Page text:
“Most vegetarian diets are low in or devoid of animal products. They’re also usually lower than nonvegetarian diets in total fat, saturated fat and cholesterol. Many studies have shown that vegetarians seem to have a lower risk of obesity, coronary heart disease (which causes heart attack), high blood pressure, diabetes mellitus and some forms of cancer.

      Vegetarian diets can be healthful and nutritionally sound if they’re carefully planned to include essential nutrients. However, a vegetarian diet can be unhealthy if it contains too many calories and/or saturated fat and not enough important nutrients.”

      The National Health Service (NHS) in the United Kingdom states:

      “With good planning and an understanding of what makes up a healthy, balanced vegan diet, you can get all the nutrients your body needs.”

      The National Institutes of Health and Department of Agriculture in the U.S. state:

      “People who follow vegetarian diets can get all the nutrients they need. However, they must be careful to eat a wide variety of foods to meet their nutritional needs.”

      Dietitians of Canada state:

      “A healthy vegan diet has many health benefits including lower rates of obesity, heart disease, high blood pressure, high blood cholesterol, type 2 diabetes and certain types of cancer. It may take planning to get enough protein, iron, zinc, calcium, vitamins D and B12 and omega-3 fats from foods or supplements. A healthy vegan diet can meet all your nutrient needs at any stage of life including when you are pregnant, breastfeeding or for older adults.”

      Even large insurance/managed care companies such as Kaiser Permanente, whose earning depends on it, state:

      “Healthy eating may be best achieved with a plant-based diet, which we define as a regimen that encourages whole, plant-based foods and discourages meats, dairy products, and eggs as well as all refined and processed foods. We present a case study as an example of the potential health benefits of such a diet.”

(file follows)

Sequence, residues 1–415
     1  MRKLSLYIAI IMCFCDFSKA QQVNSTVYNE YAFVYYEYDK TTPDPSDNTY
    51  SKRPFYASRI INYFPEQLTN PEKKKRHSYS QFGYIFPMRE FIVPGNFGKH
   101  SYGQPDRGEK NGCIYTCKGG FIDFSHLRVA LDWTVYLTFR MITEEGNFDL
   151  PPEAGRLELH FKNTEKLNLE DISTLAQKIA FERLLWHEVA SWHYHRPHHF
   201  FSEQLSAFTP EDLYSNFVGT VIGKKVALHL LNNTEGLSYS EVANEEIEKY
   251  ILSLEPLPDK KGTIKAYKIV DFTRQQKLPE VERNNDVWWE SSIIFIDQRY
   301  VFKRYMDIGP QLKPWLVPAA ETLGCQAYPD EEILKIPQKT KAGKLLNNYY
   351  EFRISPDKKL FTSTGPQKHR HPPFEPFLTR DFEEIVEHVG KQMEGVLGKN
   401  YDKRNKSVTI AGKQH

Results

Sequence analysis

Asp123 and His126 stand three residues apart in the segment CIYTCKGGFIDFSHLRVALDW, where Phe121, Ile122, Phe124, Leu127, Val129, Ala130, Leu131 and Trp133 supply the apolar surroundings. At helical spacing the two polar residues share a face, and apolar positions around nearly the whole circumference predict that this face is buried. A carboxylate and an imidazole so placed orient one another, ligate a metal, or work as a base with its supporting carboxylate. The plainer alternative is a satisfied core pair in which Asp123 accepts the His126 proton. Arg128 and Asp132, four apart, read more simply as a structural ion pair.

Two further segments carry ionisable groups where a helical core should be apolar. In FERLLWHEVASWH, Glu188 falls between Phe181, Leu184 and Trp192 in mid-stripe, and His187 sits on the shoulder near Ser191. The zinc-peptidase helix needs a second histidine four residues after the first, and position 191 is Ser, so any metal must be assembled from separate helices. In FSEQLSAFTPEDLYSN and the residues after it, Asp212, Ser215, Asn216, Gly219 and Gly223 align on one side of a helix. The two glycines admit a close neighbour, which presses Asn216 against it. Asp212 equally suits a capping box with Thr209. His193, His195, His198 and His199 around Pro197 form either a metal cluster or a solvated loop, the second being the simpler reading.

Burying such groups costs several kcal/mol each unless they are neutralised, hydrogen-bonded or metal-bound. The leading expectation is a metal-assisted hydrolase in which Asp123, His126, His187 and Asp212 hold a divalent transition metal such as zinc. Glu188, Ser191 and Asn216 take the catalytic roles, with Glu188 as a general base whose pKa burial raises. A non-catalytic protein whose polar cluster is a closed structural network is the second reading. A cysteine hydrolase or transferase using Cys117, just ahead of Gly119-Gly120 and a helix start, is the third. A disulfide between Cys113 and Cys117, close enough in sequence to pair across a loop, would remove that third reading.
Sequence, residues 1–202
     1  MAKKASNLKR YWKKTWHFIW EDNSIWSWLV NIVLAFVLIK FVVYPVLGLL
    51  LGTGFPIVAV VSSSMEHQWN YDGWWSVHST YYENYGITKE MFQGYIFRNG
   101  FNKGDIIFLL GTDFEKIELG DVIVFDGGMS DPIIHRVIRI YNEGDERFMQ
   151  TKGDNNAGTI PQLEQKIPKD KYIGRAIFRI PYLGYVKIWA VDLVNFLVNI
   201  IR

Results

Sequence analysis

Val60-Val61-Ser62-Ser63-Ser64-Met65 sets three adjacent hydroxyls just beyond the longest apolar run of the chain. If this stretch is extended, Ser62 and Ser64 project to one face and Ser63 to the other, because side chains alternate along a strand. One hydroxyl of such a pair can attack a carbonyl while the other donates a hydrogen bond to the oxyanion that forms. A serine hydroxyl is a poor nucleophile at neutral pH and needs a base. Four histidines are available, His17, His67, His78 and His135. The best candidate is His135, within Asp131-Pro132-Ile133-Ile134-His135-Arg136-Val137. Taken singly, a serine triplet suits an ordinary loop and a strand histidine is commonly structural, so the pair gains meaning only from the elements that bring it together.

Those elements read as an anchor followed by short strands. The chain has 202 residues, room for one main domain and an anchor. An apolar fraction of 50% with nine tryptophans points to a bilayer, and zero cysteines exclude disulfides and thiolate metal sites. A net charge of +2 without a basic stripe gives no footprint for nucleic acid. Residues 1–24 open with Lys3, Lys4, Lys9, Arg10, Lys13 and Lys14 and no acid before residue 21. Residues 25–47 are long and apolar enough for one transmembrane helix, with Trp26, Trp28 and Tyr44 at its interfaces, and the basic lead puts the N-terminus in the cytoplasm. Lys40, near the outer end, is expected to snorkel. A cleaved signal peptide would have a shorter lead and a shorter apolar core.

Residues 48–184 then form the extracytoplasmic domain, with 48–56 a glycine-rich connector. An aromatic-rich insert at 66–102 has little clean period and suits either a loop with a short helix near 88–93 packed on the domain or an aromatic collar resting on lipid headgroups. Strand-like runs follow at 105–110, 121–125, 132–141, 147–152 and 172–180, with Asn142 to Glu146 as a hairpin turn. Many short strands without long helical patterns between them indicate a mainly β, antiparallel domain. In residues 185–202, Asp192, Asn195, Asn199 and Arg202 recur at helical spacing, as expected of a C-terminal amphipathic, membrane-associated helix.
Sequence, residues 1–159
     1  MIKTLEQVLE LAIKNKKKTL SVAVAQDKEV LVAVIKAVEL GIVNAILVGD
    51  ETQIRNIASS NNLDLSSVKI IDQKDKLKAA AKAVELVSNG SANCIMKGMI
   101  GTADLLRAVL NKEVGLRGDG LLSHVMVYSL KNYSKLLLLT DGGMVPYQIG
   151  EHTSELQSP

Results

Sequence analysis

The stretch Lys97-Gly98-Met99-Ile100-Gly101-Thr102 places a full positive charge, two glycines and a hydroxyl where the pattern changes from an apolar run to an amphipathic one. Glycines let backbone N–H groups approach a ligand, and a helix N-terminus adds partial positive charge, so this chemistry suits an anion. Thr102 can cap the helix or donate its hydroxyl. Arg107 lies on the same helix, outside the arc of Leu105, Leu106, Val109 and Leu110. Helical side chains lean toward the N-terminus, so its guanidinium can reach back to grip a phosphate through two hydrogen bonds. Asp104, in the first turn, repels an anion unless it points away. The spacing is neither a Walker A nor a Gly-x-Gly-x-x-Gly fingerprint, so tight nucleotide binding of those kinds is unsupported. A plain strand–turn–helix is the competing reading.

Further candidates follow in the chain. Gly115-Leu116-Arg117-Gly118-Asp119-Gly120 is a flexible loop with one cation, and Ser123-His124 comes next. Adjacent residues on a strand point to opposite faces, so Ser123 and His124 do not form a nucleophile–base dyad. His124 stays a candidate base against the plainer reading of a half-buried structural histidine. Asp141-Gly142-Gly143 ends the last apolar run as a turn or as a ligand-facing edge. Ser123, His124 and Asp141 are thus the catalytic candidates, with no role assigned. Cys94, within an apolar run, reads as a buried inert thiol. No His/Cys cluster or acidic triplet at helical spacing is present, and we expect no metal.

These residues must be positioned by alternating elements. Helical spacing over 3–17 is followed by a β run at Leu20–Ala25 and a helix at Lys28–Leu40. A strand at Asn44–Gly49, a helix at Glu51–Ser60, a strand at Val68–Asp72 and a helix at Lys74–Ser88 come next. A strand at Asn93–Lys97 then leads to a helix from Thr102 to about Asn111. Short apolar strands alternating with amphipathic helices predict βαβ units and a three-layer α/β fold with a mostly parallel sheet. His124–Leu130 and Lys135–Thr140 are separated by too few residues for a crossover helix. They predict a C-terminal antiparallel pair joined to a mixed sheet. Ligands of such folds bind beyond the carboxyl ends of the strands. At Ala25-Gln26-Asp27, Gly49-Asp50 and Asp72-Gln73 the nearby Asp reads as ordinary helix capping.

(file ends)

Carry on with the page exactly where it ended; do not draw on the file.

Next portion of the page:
Of course vegan diet must be well-balanced in order to provide optimal health, but the same applies to any diet.

  • Yogini Flyer

    An intelligent yoga instructor should be able to understand their biases and be respectful of the fact that not everyone practices yoga for the same reasons or interprets the traditional texts in the same way. One could say that trying to force your beliefs ideas onto others about things as that are as personal as diet, religion, behavior etc. is just as much of a violence as eating animals.

    • “One could say that trying to force your beliefs ideas onto others about things as that are as personal as diet, religion, behavior etc. is just as much of a violence as eating animals.”

      Animals are not things on an assembly line. They are sentient beings with their feelings, wants and needs who value their lives just like you and I value ours. The harm caused by paying for raising, torturing and killing someone is incomparable with the “harm” caused by “forcing my beliefs”, whatever that means (believing in Easter bunny may be a belief, the fact that the Holocaust was immoral is not). Besides, making a substantive argument for the moral imperative of abstaining from violence that animal exploitation inevitably involves, is not offensive.

  • MsMarinaBlack

    Thank you for writing this.
    I volunteer at a yoga school and am saddened by the teachers who walk in wearing fur trim and stinking of meat. I love this school and know it’s no worse than any other, it’s just so sad on many levels how Ahimsa seems to get missed time and again